Whoever said, “if you build a better mousetrap they will come” was an entrepreneurial genius. Think about it. If this wasn’t the case, why would companies go out of their way to let us know that their product is “new and improved”? I can’t think of a society in the world that doesn’t reward progress – South American socialist dictatorships aside. No matter where you look, innovation is changing the world around us. Even in areas that most of don’t think about, business models are constantly evolving. For example, according the cyber-security firm Kaspersky Lab, an on-line marketplace has arisen to sell access to more than 70,000 hacked corporate and government servers for as little as $6 each.

According to Kaspersky, the market, called xDedic, is operated by hackers and operates a lot like eBay. Apparently the business of selling stolen passwords wasn’t meeting revenue projections, so someone came up with the idea of charging a small commission on every transaction, and business, as they say, is booming. In this transaction based business model, people are able to trade information about infiltrated servers with the operators of the group verifying the quality of the surreptitiously obtained data and charging a 5% commission. This, of course, is another example of how good customer service increases both customer satisfaction and repeat business.

I think when you examine this new “hacker business model” you’ll have to agree that it really provides a “win/win” for both providers and their customers. Rather than having to go through the trouble of using an illegally obtained password to rummage through some government files looking for just the right top secret information, you can get those hypersonic missile plans in just a few minutes. I think they might even take Visa, just kidding – bit coins of course – yay block chains! These guys seem to have really taken the maxim of “giving the customer what they want” to heart.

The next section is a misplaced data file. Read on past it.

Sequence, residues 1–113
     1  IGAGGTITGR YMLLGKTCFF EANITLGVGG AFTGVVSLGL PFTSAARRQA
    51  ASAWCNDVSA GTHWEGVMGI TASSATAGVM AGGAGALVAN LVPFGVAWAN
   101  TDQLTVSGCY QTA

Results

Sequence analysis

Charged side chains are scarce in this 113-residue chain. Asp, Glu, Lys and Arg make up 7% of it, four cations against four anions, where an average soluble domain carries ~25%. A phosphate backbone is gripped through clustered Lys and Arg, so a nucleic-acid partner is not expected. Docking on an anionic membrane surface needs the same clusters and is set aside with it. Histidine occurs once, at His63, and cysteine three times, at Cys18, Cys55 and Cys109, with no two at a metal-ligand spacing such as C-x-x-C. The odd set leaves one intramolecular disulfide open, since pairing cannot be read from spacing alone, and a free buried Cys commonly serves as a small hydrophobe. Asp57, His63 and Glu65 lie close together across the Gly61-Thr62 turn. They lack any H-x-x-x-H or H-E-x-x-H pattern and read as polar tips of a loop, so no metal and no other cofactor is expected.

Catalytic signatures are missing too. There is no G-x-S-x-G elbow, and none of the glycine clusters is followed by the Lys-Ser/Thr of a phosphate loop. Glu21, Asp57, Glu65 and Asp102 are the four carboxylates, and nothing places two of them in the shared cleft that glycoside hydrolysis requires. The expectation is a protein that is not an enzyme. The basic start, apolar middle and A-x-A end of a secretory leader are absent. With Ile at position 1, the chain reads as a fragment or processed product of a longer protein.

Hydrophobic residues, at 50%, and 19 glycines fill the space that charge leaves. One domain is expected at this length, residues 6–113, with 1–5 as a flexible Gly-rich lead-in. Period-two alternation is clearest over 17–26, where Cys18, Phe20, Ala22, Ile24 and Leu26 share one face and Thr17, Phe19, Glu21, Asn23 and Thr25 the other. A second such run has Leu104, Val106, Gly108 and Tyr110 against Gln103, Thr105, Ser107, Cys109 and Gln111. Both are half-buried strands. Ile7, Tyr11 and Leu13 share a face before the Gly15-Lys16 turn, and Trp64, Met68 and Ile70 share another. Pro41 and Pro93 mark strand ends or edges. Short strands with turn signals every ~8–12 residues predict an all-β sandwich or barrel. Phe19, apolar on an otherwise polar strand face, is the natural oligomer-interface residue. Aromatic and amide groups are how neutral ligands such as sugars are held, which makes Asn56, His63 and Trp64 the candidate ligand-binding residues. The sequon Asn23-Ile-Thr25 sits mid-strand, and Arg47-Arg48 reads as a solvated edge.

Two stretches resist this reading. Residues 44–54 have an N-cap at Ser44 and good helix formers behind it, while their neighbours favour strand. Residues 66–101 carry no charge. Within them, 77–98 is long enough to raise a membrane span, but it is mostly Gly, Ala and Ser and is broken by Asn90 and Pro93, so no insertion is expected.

I’m always curious as to how these types of services are actually “marketed”. I’m pretty sure no list brokers are offering “Nefarious Hackers” as one of their options, and last time I checked on Linked-In, no one had started a “Sensitive Information Access” group. I suppose word of mouth, customer referrals and the google ad words equivalent on Tor are really what drives the business. When your Iranian counterpart can tell you that they were really satisfied with the ICBM plans they got, you can feel pretty sure that they’re going to a good job for you. Kind of like Angie’s list. One group even set itself up as an invitation only marketplace. Interesting, but aren’t guys like Guccifer going to get their feelings hurt if they are left of the list? Whatever their marketing plan, they appear to be very successful. With access to over 70,000 corporate and government servers these guys have really taken things up a notch. I’m not sure if Walmart has that many SKU’s.

Despite our concerns about things like our social security and credit card numbers, as well as Hillary’s emails, falling into the wrong hands, you do have to respect these guys’ commitment to continual improvement. When you’ve built your business to the point that you are the one stop shop for anything, you have a commitment to excellence that your rivals can only envy. In this case, you may never get your picture on the cover of Fortune or be featured in the Wall Street Journal, but to those in the know, you are a recognized visionary in your field and the inventor of a truly better mousetrap.

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